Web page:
This gallery contains 16 photos.
Our schedule ended up looking like this with lots of changes but we still got everything done.
Here are a few pearls of wisdom from Alleghany. I apologize for the wonky memory these were taken from notes written months ago!
- Making work is your expression of your experience in the world. It is important that someone wants to live with your pots. Look at the weaknesses before setting up. Know the field, the traditions and actively pursue and make within those traditions.
- How to put work out in the world? Functional pots – the buyers love to meet the person who made the work. Look for non profit art center galleries, such as The Clay Studio, Philadelphia or Northern Clay Center, Minneapolis. Apply to juried shows, keep putting the work in front of jurors. Try applying to artist in residence programs to focus on studio practice. Important to document your work.
- Metaphor: you have a really smooth functioning car and you take out the engine and all its parts. Then you put the parts back together some will thrive and some with not.
- Artist’s statements: thinking and writing about your work in the language of making. What is the process? For example – Anne Currier’s work is clean and sculptural, Tony Marsh, Chris Gustin, Bobby Silverman are about the contrasts. Read their artists statements.
And so we came to the goodbyes and Meg Kelly read the following:
Hopi Prophecy 2000
Every piece of equipment must be washed clean, the wheels, stools, tables are moved outside and the floor is hosed down.
We unloaded the reduction kiln which was a great firing. The salt – not so great. The kiln went into reduction too early and thus the clay was reduced which affected the glazes. Clay bodies were gray with pitted and crawled glazes. The worst were the celadon glazes.
That is the way it is with ceramics. Just move on and make some more pieces.
Auction was a lot of fun. Alleghany donated this wonderful Flora set.
Day 9 was a whirlwind of glazing, glazing, and loading, loading! And then a gorgeous beach afternoon.
Assembling stack forms
Firing the salt kiln. There is nothing quite like a salt firing to bring a community together.
The kitchen has a long list of serving dishes needed. We got a demo and they will get their dishes.
11lb bowl was 7 1/2″ high and 15″ wide at the top.
15lb platter 2 1/2″ high and 18″ wide
12lb bowl 6″ high and 13″ wide at the top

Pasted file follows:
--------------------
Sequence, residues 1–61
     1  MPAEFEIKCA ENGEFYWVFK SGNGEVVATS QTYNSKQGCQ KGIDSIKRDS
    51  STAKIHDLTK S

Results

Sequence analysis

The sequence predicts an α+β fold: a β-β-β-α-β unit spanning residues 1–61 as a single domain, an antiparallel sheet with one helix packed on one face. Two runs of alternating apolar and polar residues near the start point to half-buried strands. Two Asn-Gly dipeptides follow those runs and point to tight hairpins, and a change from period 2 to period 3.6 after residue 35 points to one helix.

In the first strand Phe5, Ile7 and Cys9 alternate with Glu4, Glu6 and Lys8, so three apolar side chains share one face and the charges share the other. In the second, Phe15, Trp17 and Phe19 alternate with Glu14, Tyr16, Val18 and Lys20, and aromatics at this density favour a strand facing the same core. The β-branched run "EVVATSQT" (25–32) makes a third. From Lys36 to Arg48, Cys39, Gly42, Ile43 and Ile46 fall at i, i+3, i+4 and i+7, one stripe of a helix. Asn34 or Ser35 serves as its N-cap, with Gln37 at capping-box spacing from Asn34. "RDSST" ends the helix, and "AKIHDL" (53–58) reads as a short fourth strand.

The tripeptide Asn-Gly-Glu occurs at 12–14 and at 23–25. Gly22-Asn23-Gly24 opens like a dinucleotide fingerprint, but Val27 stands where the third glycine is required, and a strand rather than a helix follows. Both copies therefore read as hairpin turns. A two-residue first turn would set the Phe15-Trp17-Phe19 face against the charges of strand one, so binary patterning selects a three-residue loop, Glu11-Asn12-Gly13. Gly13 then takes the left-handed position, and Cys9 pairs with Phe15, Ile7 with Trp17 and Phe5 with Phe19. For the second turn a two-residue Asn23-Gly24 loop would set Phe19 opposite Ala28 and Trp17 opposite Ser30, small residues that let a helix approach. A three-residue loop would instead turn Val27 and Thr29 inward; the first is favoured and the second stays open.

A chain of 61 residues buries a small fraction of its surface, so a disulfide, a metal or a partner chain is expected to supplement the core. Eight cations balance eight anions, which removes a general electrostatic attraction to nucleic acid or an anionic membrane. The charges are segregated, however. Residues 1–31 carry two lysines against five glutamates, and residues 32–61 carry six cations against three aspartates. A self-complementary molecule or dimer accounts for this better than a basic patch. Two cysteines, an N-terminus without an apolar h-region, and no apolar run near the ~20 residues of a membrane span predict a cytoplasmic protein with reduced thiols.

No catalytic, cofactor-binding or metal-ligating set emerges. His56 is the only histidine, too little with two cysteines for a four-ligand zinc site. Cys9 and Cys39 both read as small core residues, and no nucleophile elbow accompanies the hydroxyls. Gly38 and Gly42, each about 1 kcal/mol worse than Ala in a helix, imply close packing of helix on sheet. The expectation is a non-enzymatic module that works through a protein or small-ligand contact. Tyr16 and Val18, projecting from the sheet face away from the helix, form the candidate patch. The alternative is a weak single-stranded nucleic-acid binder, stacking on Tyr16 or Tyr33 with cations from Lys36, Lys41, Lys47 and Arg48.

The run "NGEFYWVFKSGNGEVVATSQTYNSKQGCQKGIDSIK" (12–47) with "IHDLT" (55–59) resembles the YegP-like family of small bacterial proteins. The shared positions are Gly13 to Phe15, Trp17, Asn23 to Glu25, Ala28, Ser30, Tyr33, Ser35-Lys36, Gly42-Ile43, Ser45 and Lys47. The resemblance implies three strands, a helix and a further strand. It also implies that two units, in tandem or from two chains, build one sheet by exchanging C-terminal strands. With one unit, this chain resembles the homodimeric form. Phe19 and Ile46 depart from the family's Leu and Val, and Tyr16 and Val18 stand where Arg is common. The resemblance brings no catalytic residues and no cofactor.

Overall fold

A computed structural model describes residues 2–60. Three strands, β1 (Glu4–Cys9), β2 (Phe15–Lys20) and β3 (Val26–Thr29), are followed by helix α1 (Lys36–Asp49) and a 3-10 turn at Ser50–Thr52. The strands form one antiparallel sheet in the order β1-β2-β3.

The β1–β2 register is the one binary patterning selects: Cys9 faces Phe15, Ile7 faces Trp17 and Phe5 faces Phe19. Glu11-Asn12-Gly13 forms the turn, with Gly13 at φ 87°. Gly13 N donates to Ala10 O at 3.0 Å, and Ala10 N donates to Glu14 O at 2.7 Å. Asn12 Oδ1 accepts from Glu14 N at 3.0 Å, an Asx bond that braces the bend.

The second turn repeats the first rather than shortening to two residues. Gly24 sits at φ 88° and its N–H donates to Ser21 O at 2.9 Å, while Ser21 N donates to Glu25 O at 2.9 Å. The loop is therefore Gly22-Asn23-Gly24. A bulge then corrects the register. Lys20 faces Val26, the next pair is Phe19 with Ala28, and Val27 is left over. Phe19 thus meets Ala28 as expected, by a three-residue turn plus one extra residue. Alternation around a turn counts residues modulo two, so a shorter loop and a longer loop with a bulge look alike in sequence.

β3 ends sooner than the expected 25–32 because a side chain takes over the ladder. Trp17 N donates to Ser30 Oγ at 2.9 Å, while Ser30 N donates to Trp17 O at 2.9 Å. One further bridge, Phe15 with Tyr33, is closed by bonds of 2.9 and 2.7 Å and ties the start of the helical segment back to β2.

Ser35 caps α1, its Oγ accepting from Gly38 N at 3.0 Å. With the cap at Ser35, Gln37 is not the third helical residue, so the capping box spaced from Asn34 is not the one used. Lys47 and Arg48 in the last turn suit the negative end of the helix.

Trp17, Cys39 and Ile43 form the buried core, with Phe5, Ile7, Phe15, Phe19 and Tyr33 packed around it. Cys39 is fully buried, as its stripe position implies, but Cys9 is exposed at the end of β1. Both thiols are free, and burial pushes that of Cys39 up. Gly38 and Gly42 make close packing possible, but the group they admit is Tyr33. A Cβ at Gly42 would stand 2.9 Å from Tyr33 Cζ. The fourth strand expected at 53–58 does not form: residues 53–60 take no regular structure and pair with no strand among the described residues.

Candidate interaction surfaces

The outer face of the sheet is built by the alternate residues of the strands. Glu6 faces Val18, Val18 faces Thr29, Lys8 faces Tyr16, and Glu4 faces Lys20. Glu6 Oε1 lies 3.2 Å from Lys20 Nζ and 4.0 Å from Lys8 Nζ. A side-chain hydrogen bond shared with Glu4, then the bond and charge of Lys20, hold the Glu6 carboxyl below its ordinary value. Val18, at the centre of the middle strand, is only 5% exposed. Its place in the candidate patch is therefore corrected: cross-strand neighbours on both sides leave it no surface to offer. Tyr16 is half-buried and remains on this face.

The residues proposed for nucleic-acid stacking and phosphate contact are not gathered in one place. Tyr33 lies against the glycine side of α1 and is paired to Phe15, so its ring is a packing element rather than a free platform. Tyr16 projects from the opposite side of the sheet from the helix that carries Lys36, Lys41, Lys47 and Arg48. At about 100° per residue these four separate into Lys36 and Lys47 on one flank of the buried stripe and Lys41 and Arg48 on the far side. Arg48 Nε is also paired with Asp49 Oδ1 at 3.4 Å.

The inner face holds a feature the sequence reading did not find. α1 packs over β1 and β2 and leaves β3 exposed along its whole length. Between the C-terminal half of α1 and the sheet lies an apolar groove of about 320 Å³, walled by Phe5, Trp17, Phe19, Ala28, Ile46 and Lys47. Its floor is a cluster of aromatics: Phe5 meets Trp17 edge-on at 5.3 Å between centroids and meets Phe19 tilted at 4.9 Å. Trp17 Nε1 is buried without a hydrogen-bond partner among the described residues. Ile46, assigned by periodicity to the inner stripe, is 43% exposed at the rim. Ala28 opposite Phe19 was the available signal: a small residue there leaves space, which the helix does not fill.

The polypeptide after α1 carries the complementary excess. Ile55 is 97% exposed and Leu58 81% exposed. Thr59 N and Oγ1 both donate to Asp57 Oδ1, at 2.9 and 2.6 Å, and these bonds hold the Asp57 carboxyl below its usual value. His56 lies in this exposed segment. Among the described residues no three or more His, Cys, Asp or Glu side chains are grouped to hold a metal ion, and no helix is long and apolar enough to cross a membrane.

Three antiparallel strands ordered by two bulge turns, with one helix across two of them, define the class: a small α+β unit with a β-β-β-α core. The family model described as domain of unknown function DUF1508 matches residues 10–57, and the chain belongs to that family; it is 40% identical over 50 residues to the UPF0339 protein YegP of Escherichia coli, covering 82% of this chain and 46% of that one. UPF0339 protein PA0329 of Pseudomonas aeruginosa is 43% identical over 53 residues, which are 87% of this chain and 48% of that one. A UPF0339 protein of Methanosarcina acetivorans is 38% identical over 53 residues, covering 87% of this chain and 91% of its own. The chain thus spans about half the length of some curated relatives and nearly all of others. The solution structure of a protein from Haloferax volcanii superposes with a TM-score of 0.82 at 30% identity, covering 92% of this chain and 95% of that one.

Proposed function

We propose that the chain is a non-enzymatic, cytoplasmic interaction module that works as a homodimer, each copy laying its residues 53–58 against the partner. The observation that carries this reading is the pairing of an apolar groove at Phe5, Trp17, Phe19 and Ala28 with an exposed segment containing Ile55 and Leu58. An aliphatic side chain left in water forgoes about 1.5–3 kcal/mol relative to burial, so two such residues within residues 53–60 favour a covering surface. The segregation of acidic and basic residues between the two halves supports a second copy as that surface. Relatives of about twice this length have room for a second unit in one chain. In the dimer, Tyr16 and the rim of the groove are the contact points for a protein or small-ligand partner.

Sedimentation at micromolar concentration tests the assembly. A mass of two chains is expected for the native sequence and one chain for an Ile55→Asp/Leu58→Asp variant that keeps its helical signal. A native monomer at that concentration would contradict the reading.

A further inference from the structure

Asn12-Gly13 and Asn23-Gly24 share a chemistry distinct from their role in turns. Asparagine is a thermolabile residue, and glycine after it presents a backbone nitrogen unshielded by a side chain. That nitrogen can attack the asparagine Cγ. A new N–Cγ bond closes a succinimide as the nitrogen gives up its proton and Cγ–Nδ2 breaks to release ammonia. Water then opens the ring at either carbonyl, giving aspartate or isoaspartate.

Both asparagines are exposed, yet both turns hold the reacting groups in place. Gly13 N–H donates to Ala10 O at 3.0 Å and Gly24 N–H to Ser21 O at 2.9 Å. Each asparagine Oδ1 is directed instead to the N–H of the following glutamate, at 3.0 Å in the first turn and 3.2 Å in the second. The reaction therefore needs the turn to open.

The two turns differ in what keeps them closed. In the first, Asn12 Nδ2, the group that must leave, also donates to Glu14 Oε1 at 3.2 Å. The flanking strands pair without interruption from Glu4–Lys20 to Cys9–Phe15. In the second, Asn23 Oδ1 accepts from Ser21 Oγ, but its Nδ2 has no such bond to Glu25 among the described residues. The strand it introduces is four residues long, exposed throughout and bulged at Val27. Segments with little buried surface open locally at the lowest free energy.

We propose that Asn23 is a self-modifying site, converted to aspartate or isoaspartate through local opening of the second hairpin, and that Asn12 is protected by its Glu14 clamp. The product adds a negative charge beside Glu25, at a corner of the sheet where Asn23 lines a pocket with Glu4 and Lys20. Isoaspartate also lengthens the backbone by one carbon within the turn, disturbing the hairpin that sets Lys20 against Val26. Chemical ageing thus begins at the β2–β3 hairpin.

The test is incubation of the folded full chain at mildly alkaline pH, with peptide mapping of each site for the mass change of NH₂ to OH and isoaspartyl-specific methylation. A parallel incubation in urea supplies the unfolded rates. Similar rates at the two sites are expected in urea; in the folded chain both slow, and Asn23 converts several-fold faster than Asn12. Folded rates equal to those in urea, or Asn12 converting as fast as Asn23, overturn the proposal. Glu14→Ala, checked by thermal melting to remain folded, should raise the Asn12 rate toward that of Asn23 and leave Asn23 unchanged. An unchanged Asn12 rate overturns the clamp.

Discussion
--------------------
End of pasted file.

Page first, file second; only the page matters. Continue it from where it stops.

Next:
We unloaded the salt kiln. All these photos were taken by Alexis Eynon
Then we discussed the firing and USE.
Salt kiln is loaded and firing begins.
Our schedule for the two weeks which soon changed.
Day 3 was Lidded Jars. I particularly liked this statement of Allegheny’s that moment of beauty such as when a flower petal causes us to pause.
What are the decisions we make in our pots that are part of our artistic expression and how can we cause one to pause?
The lids of a jar can be as beautiful as a pot so if the jar is broken the lid is still a beautiful object.
Day 4 Teapots. How does one start? One thinks about form, about motion, about the feeling of making something beautiful. Allegheny thinks of teapots as being feminine, the making of tea is a ritual, it is nurturing, it is the taking of a moment to slow down. Things to think about, how do we think of beauty, what is beauty, how do we look at the world. These inform our pots. How a finger or tool touches the clay – those are important moments.
Assembling teapots. If the spout is too low it is hard to pour. Place the handle high otherwise it is too much on the wrist when pouring.
Haystack’s lack of wifi was frustrating (for me!). To be fair there is wifi in the library and the lack of cell coverage is hardly under their control – still it was frustrating to be on the E with one bar. It surprised me how much I have come to rely on the internet for my artistic practice. Those 1980 college days of sitting in the library at Philadlephia College of Art drinking in ceramic and pottery books are long gone! In recent years I have enthusiastically embraced Instagram, (for which you need internet), when I am inspired and this workshop really inspired me. Alleghany’s attention to detail and thoughtfulness continue to inspire me.
Allegheny started the workshop making cups. He asked us to make a cup that is personal to ourselves, a cup to be used for a specific ritual or need. He challenged us to think about our own rituals, for example, what do you like to drink in the morning? Here some thoughts he shared with us while throwing cups designed expressly for use in his expresso machine “Sylvia”.
Working on the inside of a form is most important because with forms such as a cup, unlike a painting, you look into it. Balance and proportion thoughtfully executed suggest confidence.
We choose to make things that show our vision of the world and we share our idea of that beauty or tension with people around us. The work is alive as people experience it.